Aussies head to Bali for myriad reasons – and if those include endless shopping or countless bars, you’re probably in the right place. But if you like your Indonesian experience a little slower paced head to the Gili Islands, just off the coast of Lombok.
Fast becoming a poorly kept secret, the Gili’s are a group of three islands with very different flavours. Gili T is the higher-end option; here you’ll also find a party scene to rival Bali, countless guesthouses and dive schools galore. On the other end of the spectrum, Gili Meno is so chilled out you’ll be hard pressed to know if you’re asleep or awake. For something in the middle? Choose Gili Air, which offers a bit of everything: beautiful beaches and a slow pace, without the honeymoon vibe of Gili Meno.
You say: Amsterdam, The Netherlands.
We say: Copenhagen, Denmark.
If Amsterdam appeals purely because of its infamous coffee shops and party reputation, who are we to argue? But if you’ve been there done that, and instead, are looking for gorgeous architecture and an easy travelling experience (without giving up all those visually impressive canals), they can all be found in Copenhagen too.
The former fishing village that is now Denmark’s capital has a population of about half a million, but those facts don’t even hint at its popular cultural offerings. Noma, the world’s most highly awarded restaurant is here; Danish design culture is felt everywhere you turn (to understand it, drop in to the Danish Design Centre); and even the politicians cycle everywhere.
You say: Brazil (we know, so does everyone), South America.
We say: Colombia, South America.
Brazil is so hot right now that you’d be hard pressed not to see it on almost every ‘best of’ list. Yes, the World Cup has helped, and so will the Olympics, but remember, there’s more to South America than its largest country. What most don’t know is that Colombia is now capturing the hearts of travellers. Between the Caribbean coast and the Amazon jungle, Colombia boasts plenty of options to chill out. But there’s also diversity: from national parks with multi day treks into the Andes to the beautifully preserved old City of Cartagena, there’s something to please almost every South American visitor: albeit without the dazzle of its southern neighbour.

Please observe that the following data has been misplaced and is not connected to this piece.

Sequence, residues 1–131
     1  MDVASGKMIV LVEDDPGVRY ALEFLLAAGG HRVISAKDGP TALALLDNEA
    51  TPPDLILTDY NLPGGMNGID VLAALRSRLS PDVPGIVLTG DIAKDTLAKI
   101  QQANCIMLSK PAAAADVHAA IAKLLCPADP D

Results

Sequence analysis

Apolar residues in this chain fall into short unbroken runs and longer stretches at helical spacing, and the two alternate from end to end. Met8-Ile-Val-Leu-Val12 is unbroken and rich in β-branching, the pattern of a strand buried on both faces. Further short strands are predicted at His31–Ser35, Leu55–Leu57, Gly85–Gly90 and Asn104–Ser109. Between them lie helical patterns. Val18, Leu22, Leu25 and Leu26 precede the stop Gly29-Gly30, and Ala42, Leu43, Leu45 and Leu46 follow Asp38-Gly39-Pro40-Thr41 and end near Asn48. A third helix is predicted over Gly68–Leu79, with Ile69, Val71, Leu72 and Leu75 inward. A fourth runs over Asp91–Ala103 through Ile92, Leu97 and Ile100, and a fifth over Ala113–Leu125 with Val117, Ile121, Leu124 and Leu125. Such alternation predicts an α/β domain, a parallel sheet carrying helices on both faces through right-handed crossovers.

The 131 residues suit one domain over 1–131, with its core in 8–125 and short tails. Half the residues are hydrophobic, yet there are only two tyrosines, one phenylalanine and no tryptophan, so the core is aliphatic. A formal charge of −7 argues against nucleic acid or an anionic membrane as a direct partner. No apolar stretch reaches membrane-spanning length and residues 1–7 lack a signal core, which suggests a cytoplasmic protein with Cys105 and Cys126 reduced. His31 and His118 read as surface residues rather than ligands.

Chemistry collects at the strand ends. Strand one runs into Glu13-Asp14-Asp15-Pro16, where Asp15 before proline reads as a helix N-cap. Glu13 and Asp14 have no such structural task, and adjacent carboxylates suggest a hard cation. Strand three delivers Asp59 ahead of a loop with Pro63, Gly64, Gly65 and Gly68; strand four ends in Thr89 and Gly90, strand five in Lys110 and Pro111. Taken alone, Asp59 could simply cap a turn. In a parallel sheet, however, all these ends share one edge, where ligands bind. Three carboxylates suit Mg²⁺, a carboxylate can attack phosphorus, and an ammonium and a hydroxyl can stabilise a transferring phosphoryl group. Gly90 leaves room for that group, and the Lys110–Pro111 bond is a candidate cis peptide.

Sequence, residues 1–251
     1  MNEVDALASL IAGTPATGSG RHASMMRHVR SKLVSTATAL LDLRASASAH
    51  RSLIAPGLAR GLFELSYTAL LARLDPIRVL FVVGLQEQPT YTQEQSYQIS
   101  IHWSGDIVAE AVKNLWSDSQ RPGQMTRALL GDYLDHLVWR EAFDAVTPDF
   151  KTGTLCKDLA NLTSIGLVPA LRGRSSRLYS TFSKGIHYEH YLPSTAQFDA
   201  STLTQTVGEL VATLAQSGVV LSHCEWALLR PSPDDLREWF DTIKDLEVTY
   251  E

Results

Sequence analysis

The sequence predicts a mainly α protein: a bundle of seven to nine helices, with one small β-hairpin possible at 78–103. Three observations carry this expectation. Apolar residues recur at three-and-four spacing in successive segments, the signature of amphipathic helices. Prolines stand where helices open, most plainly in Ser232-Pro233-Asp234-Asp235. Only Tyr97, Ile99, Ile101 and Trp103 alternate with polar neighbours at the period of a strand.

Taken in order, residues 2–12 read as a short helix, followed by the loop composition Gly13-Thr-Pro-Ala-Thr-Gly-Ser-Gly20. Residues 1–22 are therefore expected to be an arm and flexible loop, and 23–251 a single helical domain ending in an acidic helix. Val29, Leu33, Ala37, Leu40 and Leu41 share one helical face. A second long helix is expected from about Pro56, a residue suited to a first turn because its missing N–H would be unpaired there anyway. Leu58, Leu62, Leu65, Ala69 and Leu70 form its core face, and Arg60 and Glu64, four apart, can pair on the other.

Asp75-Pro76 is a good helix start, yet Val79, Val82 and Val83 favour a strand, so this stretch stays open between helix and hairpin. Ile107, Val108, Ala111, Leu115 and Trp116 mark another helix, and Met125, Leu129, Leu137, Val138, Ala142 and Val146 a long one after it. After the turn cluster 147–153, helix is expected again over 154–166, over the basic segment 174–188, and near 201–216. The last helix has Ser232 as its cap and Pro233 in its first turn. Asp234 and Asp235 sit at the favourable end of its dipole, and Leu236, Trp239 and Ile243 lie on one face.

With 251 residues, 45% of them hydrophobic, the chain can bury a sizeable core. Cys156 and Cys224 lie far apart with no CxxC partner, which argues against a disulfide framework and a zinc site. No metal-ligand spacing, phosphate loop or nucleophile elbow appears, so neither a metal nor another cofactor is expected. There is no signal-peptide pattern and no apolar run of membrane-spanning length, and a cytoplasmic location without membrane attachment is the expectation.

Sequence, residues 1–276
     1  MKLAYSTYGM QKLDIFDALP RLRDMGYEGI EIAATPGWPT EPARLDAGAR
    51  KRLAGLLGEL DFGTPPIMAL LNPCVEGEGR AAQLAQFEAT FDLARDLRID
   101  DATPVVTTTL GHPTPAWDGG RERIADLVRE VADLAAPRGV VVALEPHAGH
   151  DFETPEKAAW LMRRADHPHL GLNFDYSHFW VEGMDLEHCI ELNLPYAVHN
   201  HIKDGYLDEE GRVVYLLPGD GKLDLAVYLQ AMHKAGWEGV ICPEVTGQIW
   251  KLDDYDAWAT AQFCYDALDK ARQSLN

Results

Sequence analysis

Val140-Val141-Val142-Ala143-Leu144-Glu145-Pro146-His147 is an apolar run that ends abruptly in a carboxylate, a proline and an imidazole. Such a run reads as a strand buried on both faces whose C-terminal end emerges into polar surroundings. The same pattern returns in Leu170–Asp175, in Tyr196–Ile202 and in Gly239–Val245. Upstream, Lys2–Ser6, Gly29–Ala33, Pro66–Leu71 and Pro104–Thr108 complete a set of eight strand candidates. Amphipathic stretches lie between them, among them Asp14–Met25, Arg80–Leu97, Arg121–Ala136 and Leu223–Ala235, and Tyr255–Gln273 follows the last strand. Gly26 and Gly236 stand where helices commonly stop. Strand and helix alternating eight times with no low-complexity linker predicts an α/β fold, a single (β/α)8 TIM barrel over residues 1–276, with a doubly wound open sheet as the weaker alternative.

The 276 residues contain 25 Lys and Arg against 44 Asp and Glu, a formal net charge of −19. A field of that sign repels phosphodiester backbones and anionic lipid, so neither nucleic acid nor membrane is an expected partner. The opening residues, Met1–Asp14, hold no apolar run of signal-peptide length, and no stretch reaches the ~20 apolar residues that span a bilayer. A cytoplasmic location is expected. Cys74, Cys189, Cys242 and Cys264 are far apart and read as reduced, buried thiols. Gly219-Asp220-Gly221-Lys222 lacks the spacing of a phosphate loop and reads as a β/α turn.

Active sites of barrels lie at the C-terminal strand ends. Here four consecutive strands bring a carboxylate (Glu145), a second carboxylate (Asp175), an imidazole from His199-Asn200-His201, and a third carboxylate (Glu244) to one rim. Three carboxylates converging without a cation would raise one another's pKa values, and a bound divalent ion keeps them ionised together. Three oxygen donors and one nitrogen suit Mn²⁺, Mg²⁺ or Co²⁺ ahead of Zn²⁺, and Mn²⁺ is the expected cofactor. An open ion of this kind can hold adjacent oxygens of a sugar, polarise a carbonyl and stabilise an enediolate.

You say: Paris, France.
We say: Quebec City, Canada.
Okay, so Paris is Paris. Technically, that means it’s hard to beat, and we’re not saying you shouldn’t go there at least once in your life. But if you’re in North America, Quebec City offers a satisfying dose of French culture and a slice of Europe’s buzz, without leaving the continent.
The most visually memorable aspect of Quebec City is its old walled city, with its narrow lanes and cobblestone streets. You’ll want to explore both the Old Upper Town and the Old Lower Town – some of North America’s oldest streets are here.
Still, don’t think that just because you’re in North America, you shouldn’t brush up on your French: Quebec City’s residents are overwhelmingly French speaking (in Montreal, it’s more a fifty-fifty split between French and English).